IMDb > Boxer Rebellion (1976)

Boxer Rebellion (1976) More at IMDbPro »Ba guo lian jun (original title)


Overview

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7.0/10   70 votes »
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Director:
Writers:
Kuang Ni (screenplay) &
Cheh Chang (screenplay)
Contact:
View company contact information for Boxer Rebellion on IMDbPro.
Release Date:
29 January 1976 (Hong Kong) See more »
Genre:
Tagline:
A rebellion turns into a bloodbath!
User Reviews:
A Sino-centric Nonsense See more (4 total) »

Cast

  (in credits order)

Directed by
Cheh Chang 
 
Writing credits
Kuang Ni (screenplay) &
Cheh Chang (screenplay)

Original Music by
Yung-Yu Chen 
 
Cinematography by
Mu-To Kung 
 
Film Editing by
Ting Hung Kuo 
 
Second Unit Director or Assistant Director
Hsiao Pei Chou .... assistant director
Shou-yi Fan .... assistant director
Wei-kang Liu .... assistant director
Yueh-ling Wu .... assistant director
 
Stunts
Chia-Liang Liu .... fighting instructor
 

Production CompaniesDistributors

Additional Details

Also Known As:
"Ba guo lian jun" - Hong Kong (original title)
"Spiritual Fists" - Hong Kong (English title)
"The Bloody Avengers" - USA (dubbed version)
See more »
Runtime:
France:110 min | West Germany:73 min (edited version) | West Germany:91 min | Hong Kong:137 min
Country:
Language:
Color:
Color (Eastmancolor)
Aspect Ratio:
2.35 : 1 See more »
Sound Mix:
Certification:
Filming Locations:

Did You Know?

Goofs:
Anachronisms: The Evil Diplomat is brandishing a Colt .45 automatic, a handgun that is also called the 1911 Colt, because it was first made in 1911.See more »

FAQ

Is the HK-DVD completely uncut?
See more »
8 out of 48 people found the following review useful.
A Sino-centric Nonsense, 5 October 2001
Author: rey alvarez from Sacramento, Calif., U.S.A.

This movie was just another convenient vehicle for Hong Kong movie producers and writers to indulge in their Sino-centric and xenophobic fantasies. ("Once Upon A Time In China I, II, and III" are some other recent examples of these Sino-centric fantasies.) These Sino-centric movies invariably portray Chinese as quasi-saintly, self-sacrificing heroes while portraying most foreigners as black-hearted villains. This movie did just that. The leaders of the Boxer Rebellion were portrayed as pure-hearted heroes while the foreigners (especially Japanese, Russians and Germans) were portrayed as one-dimensional greedy idiots. As many of us know, political struggle and war are not battle between totally good and totally evil. The world is more complex. The real world is filled with shades of gray, not just black and white. It is clear even to the most unsophisticated movie goer that the simplistic, one-dimensional portrayal of the Boxer Rebellion in this movie absolutely lacks credibility. Moreover, this good-guy portrayal of the leadership of the Boxers is contrary to the historical evidence. Historically, although some of the leaders of the Boxer Rebellion were indeed pure-hearted patriots, the barbaric deeds committed by the Boxers and their leadership are historical proof that most of the Boxers and their leaders were merciless zealots who had no scruples about massacring defenseless women, children and babies.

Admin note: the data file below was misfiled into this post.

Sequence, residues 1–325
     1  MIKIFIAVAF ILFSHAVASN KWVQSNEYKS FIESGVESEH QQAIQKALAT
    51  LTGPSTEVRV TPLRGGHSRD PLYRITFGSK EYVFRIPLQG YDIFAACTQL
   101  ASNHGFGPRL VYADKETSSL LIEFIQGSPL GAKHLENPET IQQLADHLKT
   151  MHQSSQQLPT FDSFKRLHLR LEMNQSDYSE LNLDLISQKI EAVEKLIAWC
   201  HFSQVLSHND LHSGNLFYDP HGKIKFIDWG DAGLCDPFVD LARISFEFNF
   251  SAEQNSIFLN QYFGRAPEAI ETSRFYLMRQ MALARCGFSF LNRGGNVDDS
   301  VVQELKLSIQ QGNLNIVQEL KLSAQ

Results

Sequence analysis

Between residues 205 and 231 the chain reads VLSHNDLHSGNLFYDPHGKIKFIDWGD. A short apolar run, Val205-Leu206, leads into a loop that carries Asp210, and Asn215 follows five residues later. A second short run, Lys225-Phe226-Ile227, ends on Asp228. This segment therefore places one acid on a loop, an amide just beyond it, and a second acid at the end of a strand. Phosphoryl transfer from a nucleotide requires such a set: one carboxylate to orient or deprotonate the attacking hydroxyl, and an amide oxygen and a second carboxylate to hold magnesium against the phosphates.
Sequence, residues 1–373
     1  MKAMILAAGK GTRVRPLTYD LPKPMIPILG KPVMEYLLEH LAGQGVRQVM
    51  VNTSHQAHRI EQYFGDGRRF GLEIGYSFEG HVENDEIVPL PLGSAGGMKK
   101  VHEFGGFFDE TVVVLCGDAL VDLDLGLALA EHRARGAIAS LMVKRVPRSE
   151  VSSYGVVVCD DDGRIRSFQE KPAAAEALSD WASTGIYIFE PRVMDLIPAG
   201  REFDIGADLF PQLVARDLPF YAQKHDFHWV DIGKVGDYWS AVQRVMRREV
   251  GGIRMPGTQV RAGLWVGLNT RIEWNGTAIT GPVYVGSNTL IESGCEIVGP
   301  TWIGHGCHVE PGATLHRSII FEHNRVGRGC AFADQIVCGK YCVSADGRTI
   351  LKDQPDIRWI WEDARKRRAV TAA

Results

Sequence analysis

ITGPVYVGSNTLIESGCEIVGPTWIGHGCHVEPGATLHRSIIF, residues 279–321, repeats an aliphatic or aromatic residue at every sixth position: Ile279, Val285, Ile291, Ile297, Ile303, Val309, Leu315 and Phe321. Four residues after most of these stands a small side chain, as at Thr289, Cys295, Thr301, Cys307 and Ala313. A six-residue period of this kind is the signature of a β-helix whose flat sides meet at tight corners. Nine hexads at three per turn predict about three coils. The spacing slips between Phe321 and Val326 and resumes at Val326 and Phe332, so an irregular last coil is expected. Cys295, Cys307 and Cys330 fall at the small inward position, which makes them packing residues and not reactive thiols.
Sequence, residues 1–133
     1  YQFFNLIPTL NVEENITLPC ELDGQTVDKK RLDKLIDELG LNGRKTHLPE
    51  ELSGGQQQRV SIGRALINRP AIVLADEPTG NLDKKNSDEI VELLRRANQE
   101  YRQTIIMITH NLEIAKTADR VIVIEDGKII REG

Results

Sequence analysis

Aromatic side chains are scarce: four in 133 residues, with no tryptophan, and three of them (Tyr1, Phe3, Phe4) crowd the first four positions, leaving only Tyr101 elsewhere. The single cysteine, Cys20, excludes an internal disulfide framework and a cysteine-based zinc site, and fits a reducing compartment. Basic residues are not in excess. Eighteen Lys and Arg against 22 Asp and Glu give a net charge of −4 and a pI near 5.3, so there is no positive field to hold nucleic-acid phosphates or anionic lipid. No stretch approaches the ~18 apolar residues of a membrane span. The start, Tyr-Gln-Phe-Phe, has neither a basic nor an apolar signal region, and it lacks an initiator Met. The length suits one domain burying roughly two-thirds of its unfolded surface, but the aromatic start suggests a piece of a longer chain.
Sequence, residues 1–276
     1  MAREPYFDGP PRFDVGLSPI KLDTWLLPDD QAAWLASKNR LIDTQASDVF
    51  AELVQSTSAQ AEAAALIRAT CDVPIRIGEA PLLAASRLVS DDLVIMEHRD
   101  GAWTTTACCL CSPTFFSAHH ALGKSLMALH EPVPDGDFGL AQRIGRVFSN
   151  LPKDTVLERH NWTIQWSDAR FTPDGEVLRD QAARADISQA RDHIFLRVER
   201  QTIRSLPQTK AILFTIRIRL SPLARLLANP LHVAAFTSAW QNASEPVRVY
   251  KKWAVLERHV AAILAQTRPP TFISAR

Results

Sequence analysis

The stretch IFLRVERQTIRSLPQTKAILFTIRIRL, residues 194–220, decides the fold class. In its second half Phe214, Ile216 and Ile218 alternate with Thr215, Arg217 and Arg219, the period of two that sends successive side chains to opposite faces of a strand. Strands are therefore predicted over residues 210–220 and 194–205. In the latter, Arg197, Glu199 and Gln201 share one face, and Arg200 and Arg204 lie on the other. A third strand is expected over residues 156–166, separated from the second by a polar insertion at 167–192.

During the screening of this movie, not only did I question the validity of the plot and characterization, but I wondered if Hong Kong movie producers hire historical consultants? I used to think Hollywood's historical inaccuracies were bad, but the historical inaccuracies of some Chinese movies are just awful!! IMDB comment section is just too short to mention all the blatant inaccuracies of this film, but I shall mention some of them: 1) Why were American soldiers and officers wearing Civil War era uniform? The American soldiers who were sent to Beijing during the Boxer Rebellion wore uniform totally different from the ones worn during the Civil War. (They probably wore khaki hat and pants and dark blue shirts, a uniform similar to those of the Rough Riders.) 2) The Russian uniform is totally inaccurate. The uniform in the movie does not even resemble the real uniform. 3) A Japanese naval officer in the movie had shoulder length hair. Japanese naval officers were not allowed to have shoulder length hair. 4) Why were so few Chinese in the movie wearing the so-called "pigtail" (or queue)? In spite of the portrayal of this movie, vast majority of the residents of Beijing during the Boxer Rebellion were required to arrange their hair in the Manchu style (i.e. pigtail). Most Chinese men did not cut their pigtail until 1910's or 1920's.

Many people say a movie goer should not be too rational if he or she wants to enjoy a movie. However, with such a plethora of historical inaccuracies and incredible character portrayals, no logical human being can fully enjoy this kind of movie. Such a cheap plot and shallow characterization should not even belong in a cartoon.

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